Chocolate History

The History of Chocolate

The word cacao originated from the Maya word Ka’kau’, as well as the Maya words Chocol’ha and the verb chokola’j “to drink chocolate together”, were then adapted centuries later by the aztecs. The Maya believed that the ka’kau’ was discovered by the gods in a mountain that also contained other delectable foods to be used by the Maya.

More than 2000 years ago Mayan Indians in Mexico and Central America used ground cocoa beans to create a drink. Before consuming the beans, they used them as a form of currency. They only ground the beans when they were worn out.

In 1528 – Cortez, a Spanish explorer, brought chocolate from the Aztecs to King Charles V in the form of cocoa beans. For a while the formula of chocolate drink was a secret for the pleasure of the nobility. When the secret got out the drink’s fame spread. The Spaniards became hooked on hot chocolate, mixing it with orange blossom water, or honey and spices.

In 1560 – Cocoa tree was also introduced to the Asians. The tree was brought to the island of Sulawesi, in Indonesia, from Caracas, Venezuela. By the middle of the next century, chocolate drinks were gaining widespread popularity in France. An enterprising Frenchman opened the first hot chocolate shop in London. Samuel Peyps wrote about it in his diary. By the 1700’s chocolate houses were as propular as coffee houses in England.

In 1765 – The production of chocolate started in North America, with the opening of a cocoa bean grinding mill in Massachusetts.

In 1778 – The people in Philippines, Jakarta and Sumatra were introduced to cocoa by the Dutch. Large scale production of cocoa started soon in Dutch East Indies (present-day Indonesia and Malaysia).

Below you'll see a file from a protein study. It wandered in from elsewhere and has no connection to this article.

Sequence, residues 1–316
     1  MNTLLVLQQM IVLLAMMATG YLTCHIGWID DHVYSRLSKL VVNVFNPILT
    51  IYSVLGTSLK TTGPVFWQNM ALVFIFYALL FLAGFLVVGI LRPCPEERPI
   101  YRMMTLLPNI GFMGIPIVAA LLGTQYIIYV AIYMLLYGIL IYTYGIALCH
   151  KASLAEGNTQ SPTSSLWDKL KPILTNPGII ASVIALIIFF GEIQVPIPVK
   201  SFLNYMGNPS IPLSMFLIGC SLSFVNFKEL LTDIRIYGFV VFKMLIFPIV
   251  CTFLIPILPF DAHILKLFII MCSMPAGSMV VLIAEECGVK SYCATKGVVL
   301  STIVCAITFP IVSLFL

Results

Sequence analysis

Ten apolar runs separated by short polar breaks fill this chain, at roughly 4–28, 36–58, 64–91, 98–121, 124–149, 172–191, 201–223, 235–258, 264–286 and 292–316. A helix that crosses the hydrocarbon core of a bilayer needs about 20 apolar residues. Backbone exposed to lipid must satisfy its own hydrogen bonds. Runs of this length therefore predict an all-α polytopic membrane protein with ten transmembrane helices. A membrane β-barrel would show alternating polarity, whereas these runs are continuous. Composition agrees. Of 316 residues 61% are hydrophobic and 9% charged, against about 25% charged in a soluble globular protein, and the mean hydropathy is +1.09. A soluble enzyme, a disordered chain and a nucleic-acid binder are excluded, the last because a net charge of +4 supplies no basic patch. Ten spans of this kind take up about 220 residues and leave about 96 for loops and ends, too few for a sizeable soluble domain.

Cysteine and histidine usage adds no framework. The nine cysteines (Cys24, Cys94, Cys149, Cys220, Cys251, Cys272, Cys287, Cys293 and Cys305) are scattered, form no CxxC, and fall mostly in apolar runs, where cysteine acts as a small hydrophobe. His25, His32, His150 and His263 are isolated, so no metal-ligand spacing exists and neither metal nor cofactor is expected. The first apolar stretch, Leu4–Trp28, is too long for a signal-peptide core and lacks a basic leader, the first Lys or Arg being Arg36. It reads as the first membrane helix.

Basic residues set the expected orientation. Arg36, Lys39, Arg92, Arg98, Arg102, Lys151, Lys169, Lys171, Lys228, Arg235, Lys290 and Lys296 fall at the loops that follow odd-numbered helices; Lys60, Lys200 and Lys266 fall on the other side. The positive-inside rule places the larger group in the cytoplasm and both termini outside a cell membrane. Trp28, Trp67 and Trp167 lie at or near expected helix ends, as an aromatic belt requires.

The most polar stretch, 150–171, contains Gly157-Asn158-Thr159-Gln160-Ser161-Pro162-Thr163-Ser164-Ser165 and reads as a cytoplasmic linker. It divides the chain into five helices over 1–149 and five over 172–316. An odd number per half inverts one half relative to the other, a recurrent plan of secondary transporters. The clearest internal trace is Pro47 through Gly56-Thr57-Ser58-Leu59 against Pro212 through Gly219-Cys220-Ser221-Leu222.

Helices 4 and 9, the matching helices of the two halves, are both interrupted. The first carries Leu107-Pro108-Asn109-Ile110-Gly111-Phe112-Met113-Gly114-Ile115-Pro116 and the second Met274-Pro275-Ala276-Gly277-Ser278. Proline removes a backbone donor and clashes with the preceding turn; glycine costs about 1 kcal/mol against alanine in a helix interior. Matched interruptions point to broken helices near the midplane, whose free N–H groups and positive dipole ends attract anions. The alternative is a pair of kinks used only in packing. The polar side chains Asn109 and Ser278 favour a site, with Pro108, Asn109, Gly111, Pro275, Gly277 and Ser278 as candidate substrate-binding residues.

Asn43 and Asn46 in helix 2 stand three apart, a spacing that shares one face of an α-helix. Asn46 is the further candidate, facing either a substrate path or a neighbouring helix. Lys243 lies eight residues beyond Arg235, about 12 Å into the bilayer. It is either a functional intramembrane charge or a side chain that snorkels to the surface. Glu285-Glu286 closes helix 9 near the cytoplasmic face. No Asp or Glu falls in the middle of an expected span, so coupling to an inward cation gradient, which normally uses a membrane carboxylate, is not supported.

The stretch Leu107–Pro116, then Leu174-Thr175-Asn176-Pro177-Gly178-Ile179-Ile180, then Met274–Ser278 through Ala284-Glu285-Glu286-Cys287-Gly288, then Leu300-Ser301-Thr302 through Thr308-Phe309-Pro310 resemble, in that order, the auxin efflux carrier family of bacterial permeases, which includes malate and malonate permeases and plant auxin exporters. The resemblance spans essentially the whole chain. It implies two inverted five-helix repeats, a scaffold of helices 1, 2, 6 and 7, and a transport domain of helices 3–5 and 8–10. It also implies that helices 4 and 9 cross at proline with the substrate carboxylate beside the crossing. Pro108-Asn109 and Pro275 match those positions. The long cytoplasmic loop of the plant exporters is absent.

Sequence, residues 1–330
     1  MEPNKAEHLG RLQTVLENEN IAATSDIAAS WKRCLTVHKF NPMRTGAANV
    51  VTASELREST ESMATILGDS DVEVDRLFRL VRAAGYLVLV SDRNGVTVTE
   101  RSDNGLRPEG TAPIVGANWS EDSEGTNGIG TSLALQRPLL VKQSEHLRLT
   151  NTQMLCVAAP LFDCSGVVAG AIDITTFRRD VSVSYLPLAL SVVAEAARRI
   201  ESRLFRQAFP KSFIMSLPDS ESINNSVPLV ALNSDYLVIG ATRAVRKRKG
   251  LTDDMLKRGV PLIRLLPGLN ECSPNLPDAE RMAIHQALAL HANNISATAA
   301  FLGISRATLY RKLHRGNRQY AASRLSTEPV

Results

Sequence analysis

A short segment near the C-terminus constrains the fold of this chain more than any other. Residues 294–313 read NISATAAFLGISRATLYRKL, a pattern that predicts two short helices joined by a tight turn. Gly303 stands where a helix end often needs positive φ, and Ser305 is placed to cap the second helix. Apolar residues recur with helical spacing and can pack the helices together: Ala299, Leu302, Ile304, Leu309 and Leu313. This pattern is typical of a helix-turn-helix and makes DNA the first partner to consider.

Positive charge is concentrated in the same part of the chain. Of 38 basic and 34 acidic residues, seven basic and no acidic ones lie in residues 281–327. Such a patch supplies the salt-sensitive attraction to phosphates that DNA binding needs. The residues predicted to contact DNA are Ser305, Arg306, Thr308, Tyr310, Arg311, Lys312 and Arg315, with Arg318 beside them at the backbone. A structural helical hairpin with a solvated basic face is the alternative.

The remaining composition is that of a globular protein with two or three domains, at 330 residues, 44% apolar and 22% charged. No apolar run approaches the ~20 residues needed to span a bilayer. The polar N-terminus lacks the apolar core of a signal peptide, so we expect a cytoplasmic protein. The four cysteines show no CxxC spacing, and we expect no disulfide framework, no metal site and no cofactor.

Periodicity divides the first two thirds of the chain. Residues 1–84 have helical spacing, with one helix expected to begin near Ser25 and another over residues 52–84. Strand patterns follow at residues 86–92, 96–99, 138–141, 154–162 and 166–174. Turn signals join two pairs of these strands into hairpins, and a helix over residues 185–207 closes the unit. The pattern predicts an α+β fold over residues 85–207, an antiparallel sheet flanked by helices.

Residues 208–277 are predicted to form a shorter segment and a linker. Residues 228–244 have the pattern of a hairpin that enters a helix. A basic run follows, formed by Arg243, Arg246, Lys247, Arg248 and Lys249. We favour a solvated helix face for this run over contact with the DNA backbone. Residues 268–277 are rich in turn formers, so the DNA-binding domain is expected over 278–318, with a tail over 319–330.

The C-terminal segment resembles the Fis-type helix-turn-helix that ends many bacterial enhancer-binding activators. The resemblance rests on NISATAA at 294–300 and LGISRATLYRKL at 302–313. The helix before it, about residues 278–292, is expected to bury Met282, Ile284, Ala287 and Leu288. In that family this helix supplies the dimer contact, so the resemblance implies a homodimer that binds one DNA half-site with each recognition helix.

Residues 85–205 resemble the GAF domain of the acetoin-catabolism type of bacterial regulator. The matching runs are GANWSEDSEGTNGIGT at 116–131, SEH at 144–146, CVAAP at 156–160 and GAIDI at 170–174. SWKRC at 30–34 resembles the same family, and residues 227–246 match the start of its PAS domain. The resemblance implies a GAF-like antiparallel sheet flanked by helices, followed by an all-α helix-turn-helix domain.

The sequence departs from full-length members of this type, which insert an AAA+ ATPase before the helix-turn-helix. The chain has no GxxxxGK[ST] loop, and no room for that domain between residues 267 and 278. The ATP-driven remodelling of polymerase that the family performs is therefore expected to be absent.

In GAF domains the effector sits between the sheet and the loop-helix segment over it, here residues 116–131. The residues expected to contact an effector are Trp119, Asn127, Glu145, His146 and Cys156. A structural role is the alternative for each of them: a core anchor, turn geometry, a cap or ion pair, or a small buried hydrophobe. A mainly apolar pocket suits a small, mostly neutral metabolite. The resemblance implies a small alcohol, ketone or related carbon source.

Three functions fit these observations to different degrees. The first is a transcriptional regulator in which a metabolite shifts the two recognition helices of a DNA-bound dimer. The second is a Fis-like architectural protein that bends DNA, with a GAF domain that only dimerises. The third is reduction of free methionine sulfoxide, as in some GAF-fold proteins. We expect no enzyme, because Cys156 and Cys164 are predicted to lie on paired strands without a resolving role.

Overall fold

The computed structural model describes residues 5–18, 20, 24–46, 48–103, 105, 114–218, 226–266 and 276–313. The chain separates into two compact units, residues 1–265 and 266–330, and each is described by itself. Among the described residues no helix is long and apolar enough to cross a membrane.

In 1828 – Conrad van Hooten, a Dutch chemist, patented a technique for improving the digestion power of cocoa. His technique allowed the extraction of the fat from roasted and crushed cocoa beans. Alkaline salts were added to the resultant powder, in order to dissolve the powder in water. This came to be known as ‘Dutch cocoa’. The mass production of cheap chocolate, using the Dutch cocoa, was permitted after the technique was patented.

In 1847 – It is marked as the first successful large scale production of chocolate bar, when J.S. Fry & Sons, an English manufacturing company, introduced the use of cocoa powder for the purpose.

In 1853, the Cadbury family business became the supplier of chocolate to Queen Victoria. In the same year, Cadbury-Schweppes emerged as one of the world’s leading chocolate manufacturers.

In 1879 – in Switzerland, Henri Nestle (a chemist) and chocolate manufacturer Daniel Peter formulated a technique to blend chocolate with milk, by using cocoa powder and condensed milk. The mixture was enriched further by adding cocoa butter and cocoa solids. This came to be known as milk chocolate, which proved to be a major commercial success.

In 1879 – Conching, the standard process was used for manufacturing chocolate, when Rudolphe Lindt, a Swiss chocolate manufacturer, invented the stone-grinding chocolate machine. The machine produced a finely grained mellow chocolate.

In 1894 – Hershey Chocolate Company was established by Milton Hershey, in Pennsylvania.

Thus the chocolate industry was born. Modern manufacturing methods enable retailers to sell chocolate to everyone. The advent of 20th century marked significant growth in the manufacture of cocoa, in different countries across the world. Today, the production as well as consumption of cocoa and chocolates has grown manifold.

In 2003 – Wahana Interfood Nusantara Tbk, PT. was established. As part of the younger generation of cocoa and chocolate company in Indonesia, the company is thrilled to be part of the chocolate making world and in mission to rediscover and re-introduce premium cocoa and chocolate products to the present and younger generations.

Today, Wahana Interfood Nusantara Tbk, PT. has become one of Indonesia’s promising premium cocoa and chocolate companies and as part of our expansion plans; we had also focused on world-wide markets.